When Tye Burt stood before Kinross Gold Corp. shareholders Wednesday, he knew it wouldn't be enough to talk up the company's record quarterly profit on robust gold prices or its aggressive growth plans.
So, the Kinross chief executive officer cut to the chase, addressing head-on the big issue facing the company right now - its suffering stock price.
While the price of gold surges to record highs above $1,500 (U.S.) an ounce, many major miners that produce it aren't seeing the same run-up in the value of their stocks.
In fact, some companies such as Kinross are trading in the opposite direction as gold. As of Wednesday's market close, Kinross shares have fallen about 20 per cent so far this year, while the price of gold has risen by about 7 per cent. Kinross shares, however, rose 5 per cent Wednesday after its first-quarter results beat analyst expectations.
"We know it's frustrating to see the stock underperform when the gold price has been reaching new highs," Mr. Burt said at the company's annual meeting in Toronto. "It is frustrating for me as well, not just as the CEO, but as a shareholder because most of my net worth is tied up in the company's stock."
Weighing on Kinross's stock in recent months is the $7.1-billion bet it made on Africa-focused Red Back Mining Inc., a transitional deal for the company that also diluted its stock and increased its geopolitical risk. Still, Mr. Burt maintains buying Red Back is a long-term move and its value has yet to be recognized by the market.
Like most miners, Kinross is struggling to find growth amid a scarcity of global reserves and resources. That constant hunt is what prompted it and other major gold miners to make bold acquisition moves in recent months.
Take, for instance, Barrick Gold Corp.'s foray deeper into copper with a rich $7.3-billion offer for Equinox Minerals Ltd., which has assets in Zambia and Saudi Arabia. Barrick is also feeling the heat, with investors driving down its stock by about 13 per cent since the deal was announced last week.
Meantime, the price of gold continues its record-setting run as investors bet on the physical metal, seen as a hedge against inflation and a counter currency, rather than plunk money into the companies that produce it.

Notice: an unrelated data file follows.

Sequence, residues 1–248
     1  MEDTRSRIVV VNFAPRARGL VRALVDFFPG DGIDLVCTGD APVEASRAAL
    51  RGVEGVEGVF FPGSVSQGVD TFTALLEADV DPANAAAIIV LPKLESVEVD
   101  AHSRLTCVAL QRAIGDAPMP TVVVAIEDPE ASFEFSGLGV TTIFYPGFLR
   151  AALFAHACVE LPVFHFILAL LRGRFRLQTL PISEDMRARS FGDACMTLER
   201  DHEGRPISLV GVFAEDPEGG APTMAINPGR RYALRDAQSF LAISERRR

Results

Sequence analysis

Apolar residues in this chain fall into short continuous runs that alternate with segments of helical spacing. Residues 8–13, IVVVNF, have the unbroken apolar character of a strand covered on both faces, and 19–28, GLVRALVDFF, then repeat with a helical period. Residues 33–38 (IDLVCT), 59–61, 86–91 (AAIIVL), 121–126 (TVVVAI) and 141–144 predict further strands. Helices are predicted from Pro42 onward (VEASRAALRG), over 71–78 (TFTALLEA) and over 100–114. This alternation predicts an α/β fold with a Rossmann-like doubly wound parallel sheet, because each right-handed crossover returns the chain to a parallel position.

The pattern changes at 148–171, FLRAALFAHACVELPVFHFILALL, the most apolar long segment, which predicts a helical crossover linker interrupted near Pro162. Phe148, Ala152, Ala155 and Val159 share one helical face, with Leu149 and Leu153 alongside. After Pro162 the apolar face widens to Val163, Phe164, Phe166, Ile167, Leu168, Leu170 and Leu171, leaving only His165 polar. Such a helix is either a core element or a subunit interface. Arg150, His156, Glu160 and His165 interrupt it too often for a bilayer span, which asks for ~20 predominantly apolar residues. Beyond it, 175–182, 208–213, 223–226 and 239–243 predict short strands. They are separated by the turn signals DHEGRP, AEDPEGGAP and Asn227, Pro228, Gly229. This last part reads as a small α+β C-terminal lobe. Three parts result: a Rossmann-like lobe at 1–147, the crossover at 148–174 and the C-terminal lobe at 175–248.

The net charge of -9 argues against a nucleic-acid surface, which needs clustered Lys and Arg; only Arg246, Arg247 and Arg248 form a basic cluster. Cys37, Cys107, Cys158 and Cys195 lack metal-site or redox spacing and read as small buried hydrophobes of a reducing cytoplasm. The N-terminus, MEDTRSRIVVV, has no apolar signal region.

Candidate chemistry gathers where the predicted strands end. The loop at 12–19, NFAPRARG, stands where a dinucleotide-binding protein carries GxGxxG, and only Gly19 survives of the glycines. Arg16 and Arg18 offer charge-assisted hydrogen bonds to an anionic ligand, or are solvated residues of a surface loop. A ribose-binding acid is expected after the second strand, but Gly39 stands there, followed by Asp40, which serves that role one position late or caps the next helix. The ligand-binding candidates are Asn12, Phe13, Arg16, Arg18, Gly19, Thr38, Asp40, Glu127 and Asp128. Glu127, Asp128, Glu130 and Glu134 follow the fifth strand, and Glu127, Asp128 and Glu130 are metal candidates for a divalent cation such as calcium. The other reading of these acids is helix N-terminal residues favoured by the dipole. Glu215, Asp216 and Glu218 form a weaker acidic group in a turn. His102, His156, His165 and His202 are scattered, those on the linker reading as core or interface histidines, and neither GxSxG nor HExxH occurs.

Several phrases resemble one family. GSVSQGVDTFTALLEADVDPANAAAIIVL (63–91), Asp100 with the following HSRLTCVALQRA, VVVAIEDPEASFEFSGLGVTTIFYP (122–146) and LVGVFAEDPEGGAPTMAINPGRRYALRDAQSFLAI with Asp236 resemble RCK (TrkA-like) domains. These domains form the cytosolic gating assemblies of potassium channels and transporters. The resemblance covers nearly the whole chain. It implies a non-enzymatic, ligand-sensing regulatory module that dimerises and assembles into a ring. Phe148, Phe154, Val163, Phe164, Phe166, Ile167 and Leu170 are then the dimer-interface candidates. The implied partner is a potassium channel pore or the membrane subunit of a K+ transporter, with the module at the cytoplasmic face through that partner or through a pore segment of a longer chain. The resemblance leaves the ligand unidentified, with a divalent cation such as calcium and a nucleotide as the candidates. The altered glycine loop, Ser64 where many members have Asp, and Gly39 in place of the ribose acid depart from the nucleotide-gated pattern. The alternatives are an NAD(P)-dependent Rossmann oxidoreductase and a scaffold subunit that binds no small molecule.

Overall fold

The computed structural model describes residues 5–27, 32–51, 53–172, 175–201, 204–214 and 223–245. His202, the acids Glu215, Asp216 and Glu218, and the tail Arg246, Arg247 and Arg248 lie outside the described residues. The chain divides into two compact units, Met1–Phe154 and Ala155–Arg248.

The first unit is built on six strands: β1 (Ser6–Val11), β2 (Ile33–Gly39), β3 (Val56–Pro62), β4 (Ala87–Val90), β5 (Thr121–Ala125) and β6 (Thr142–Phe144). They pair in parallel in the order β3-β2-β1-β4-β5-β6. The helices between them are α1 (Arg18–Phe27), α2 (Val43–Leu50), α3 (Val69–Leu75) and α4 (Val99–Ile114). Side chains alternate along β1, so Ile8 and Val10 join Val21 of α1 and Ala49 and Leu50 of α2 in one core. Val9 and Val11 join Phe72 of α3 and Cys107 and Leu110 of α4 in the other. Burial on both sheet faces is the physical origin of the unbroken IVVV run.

For some, the divergence between gold stocks and the metal itself signals investors don't see the physical metal moving much higher.
"I think gold maybe moved up too quickly for investors to believe it's sustainable," said John Zechner, chairman of Toronto-based money management firm J. Zechner Associates Inc.
For years, gold mining stocks outpaced gold futures as they generated higher profits from the rising price of bullion, in part by cutting costs. But with the onslaught of new gold investments such as exchange-traded funds, gold miners have more competition for investors. Producers are also facing higher costs today, owing to inflation and rising energy prices.
Miners also face geopolitical risk as they venture into new regions to find future production.
"There is no geopolitical risk to gold bullion buying," said Yamana Gold Inc. CEO Peter Marrone.
He believes gold stocks will outperform the metal again once the price stabilizes, which he believes is starting to happen. "Then it will become apparent that the equities are generating significant margins," Mr. Marrone said.
Vancouver-based Goldcorp Inc., the world's second-largest gold company, is one of very few producers whose stock has risen in step with the price of gold so far this year, at 6 per cent as of Wednesday.
"That is the way it should be" said Goldcorp CEO Chuck Jeannes, citing its growth plans and leverage to the gold price in its cost structure.
After market close on Wednesday, Goldcorp reported a 69-per-cent increase in first-quarter profit compared with the same period last year, while the average realized gold price increased 26 per cent over the 2010 first quarter, to $1,394 an ounce.
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